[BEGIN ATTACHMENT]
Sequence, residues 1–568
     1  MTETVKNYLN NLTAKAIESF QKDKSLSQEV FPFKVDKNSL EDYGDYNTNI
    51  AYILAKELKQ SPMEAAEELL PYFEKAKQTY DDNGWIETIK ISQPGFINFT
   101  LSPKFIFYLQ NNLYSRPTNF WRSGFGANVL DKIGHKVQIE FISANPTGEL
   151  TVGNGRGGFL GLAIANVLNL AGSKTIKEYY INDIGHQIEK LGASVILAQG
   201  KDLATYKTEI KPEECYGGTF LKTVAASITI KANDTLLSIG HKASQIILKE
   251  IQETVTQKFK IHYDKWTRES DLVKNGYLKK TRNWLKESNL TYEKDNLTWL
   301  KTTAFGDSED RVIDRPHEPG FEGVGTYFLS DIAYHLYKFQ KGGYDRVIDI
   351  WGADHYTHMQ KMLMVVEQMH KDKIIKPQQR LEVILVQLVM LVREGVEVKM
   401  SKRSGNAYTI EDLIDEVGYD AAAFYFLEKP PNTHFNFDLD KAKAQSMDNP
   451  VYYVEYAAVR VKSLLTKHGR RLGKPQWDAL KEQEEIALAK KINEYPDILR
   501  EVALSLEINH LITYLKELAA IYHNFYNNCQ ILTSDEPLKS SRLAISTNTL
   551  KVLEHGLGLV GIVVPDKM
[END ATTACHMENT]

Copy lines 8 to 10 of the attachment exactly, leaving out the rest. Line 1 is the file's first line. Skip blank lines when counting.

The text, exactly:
   301  KTTAFGDSED RVIDRPHEPG FEGVGTYFLS DIAYHLYKFQ KGGYDRVIDI
   351  WGADHYTHMQ KMLMVVEQMH KDKIIKPQQR LEVILVQLVM LVREGVEVKM
   401  SKRSGNAYTI EDLIDEVGYD AAAFYFLEKP PNTHFNFDLD KAKAQSMDNP